Tag Archives: temptation

The X-Files Season 10 Comic: Issue #10


Wow! I just finished reading this issue and I feel like reading it again. It is excellent and embodies what I love about the X-Files.

The issue is subtitled More Musings of a Cigarette Smoking Man and is comprised of a series of memories that the smoking man (C.G.B. Spender) was recalling while drafting a memoir of sorts. What these vignettes accomplish is connecting the X-Files mythos to historical events, such as the Bay of Pigs invasion and the Vietnam War. It works perfectly, blending the boundaries between fiction and reality.

The artwork is done in black and white with a yellow hue, which adds to the dreamlike quality of memory. There is one section where some color briefly seeps in, highlighting those scenes as an intensification of the memory and the emotion associated with it.

While all this is impressive on its own, what really blew me away while reading this were the short, thought-provoking quotes that permeate this issue, and there is no shortage of these. I’ll include a couple of them here.

“They say great men aren’t born that way. It’s what they do in response to great disappointment and failure that makes them so.”

I could not agree with this more. In our lives, we all face failure and disappointment, which leaves us with the choice of dealing with our failures with stoic resolve or descending into the pit of despair and self-loathing. I’ve certainly tested both paths in my lifetime, and I prefer the first.

“You might not realize it yet, but everything around us is a construct, and one day the truth will set you free.”

I think most of us recognize that history is a construct, but I sense here that the assertion is that reality itself is a construct. Reality is based upon perception, and perception can be manipulated and altered. If you accept this idea, then it is by no means a stretch to conclude that everything around us is nothing more than a construct. I am not expert on Buddhism, but I seem to recall reading a Buddhist tenet that said something similar to this.

The issue concludes with another great quote:

“Extraordinary men are always most tempted… by the most ordinary things.”

When I think of the things that have tempted me to make mistakes and poor choices in my life, they have all been pretty common things. I have not made poor choices as the result of some noble ideal.

As I said, this issue is flawless. If you are an X-Phile, then you must read this. There are lots of other things in here that I intentionally excluded from this post so as not to spoil it for you. I promise you will not be disappointed.

The truth is in this comic.

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“Alice Cooper: The Last Temptation – Book III” by Neil Gaiman

LastTemptation_IIIAll Hallow’s Eve. Hallowe’en. The first day of the death of the year. Folk beliefs about this day go back forever. On Hallowe’en, they say, the Gates of Hell swing wide, and the dead and the damned ride out from dusk until dawn. On Hallowe’en, they say, the dark spews out all the nightmares, all the pain, all the death; and the hurt and the hate take shape and form. That’s when they can hurt you—or so they say.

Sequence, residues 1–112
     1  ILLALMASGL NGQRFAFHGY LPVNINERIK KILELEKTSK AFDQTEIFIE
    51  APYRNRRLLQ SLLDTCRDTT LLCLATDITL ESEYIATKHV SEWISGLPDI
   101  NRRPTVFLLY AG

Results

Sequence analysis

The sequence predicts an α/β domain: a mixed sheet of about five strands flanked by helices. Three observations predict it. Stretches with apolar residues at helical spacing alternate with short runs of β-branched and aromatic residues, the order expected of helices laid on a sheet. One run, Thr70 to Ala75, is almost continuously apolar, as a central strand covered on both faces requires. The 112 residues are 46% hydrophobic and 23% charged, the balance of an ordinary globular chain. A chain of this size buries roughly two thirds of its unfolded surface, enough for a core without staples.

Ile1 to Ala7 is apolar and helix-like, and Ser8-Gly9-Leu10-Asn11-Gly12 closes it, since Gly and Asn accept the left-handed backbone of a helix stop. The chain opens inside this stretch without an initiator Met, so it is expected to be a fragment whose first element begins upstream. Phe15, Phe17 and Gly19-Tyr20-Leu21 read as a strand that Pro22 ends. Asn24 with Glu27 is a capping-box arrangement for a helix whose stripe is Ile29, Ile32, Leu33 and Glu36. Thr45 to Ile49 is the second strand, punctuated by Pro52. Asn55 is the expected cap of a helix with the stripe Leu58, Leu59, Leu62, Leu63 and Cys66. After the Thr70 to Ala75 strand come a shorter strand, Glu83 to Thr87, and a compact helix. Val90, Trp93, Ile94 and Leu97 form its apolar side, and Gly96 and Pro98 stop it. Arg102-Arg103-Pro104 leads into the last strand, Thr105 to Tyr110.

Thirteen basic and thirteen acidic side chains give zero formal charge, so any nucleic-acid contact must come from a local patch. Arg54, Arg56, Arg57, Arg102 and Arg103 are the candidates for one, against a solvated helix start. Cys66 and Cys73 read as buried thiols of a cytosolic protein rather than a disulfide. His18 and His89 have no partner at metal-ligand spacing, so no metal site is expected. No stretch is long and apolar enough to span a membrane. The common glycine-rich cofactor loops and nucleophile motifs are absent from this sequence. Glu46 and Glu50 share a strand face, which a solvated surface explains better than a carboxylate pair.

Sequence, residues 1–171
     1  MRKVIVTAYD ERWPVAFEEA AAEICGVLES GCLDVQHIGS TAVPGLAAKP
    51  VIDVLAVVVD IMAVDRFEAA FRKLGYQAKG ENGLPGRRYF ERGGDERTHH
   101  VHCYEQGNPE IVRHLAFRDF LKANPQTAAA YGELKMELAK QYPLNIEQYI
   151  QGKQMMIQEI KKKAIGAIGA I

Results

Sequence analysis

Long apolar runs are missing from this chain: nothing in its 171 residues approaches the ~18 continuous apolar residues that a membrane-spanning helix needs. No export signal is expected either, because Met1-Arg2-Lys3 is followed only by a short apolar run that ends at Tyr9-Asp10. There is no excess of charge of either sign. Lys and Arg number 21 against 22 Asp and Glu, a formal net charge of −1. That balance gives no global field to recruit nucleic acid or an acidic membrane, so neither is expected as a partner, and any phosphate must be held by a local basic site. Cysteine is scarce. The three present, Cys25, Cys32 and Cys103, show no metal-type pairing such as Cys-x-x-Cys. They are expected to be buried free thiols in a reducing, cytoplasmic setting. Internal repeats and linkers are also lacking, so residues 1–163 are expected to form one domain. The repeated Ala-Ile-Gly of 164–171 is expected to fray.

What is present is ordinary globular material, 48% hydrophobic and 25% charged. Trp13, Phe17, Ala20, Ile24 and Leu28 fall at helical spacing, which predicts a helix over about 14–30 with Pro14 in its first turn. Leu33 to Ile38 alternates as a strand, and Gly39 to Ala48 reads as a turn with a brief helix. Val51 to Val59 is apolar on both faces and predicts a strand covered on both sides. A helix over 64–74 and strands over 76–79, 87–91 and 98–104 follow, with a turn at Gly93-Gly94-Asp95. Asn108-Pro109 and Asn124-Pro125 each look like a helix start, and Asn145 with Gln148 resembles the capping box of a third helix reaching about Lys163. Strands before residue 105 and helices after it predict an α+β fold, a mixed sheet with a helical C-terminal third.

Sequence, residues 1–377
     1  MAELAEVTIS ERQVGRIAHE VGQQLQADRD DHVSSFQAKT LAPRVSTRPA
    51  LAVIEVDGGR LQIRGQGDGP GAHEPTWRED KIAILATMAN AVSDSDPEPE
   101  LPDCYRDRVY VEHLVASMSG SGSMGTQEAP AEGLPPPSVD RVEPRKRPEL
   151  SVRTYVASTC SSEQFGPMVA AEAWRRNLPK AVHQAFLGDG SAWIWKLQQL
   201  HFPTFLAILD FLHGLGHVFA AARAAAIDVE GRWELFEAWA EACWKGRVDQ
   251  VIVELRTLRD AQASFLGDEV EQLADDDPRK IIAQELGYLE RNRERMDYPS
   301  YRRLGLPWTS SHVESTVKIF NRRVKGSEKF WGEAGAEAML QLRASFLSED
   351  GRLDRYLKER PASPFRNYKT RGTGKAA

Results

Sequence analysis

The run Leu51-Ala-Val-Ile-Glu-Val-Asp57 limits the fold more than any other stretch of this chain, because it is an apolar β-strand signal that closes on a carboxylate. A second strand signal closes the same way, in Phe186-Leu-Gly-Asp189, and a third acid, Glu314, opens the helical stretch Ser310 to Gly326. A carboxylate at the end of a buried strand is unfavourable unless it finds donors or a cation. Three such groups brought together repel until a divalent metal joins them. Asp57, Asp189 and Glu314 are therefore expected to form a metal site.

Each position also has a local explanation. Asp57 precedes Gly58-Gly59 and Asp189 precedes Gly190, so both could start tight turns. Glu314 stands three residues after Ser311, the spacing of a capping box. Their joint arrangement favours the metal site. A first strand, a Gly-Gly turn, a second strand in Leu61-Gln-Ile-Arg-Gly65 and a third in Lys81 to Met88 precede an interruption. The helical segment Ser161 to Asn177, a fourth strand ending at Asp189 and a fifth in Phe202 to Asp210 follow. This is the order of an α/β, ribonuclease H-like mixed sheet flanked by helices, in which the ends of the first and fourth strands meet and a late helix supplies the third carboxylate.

Those are the opening lines from the final installment of Gaiman’s graphic novel trilogy featuring Alice Cooper. The events in this issue all take place on Halloween, which is appropriate. Young Steven returns to the Theatre of the Real to face his inner demons and the ultimate temptation: to enjoy a life of eternal youth in exchange for sacrificing his “potential,” letting go of his dreams of what may be and what he could become.

This terrified me, truly. I’ve reached the point in my life where I can look back and see the mistakes I made, where I’ve sacrificed my dreams, and where I’ve failed to reach my potential. For a long time, this tormented me. I was plagued with the thoughts of what might have been. Thankfully, I’ve reached a place of acceptance where I realize, like Steven in this tale, that it is best to just live life, that pain and shortcomings are what form you as an individual. I no longer allow my regrets to torture me. I know that everything I have been through has brought me to this place, and it’s a good place.

At one point in the story, the showman (Alice) tells Steven: “When you become the thing that scares, there’s nothing to be scared of ever again.” This really struck me. It made me think about cycles of abuse. I suspect that most abusive individuals were often abused themselves. The deep fear that they must have experienced causes them to become the scary person that previously tormented them. It’s a sad but true statement.

To sum up—I loved this entire trilogy. It is nothing short of amazing. The artwork is great; the story is riveting; there are no flaws that I can see. One could say I’m biased because I love Alice Cooper and Neil Gaiman, but the truth is, I approached this series with very high expectations, and this tale surpassed those expectations. So I’ll conclude with another quote from Book III which alludes to Shakespeare and P. T. Barnum:

The show’s the thing. The show. And the show must go on.

Click here to read my review of Book I.

Click here to read my review of Book II.

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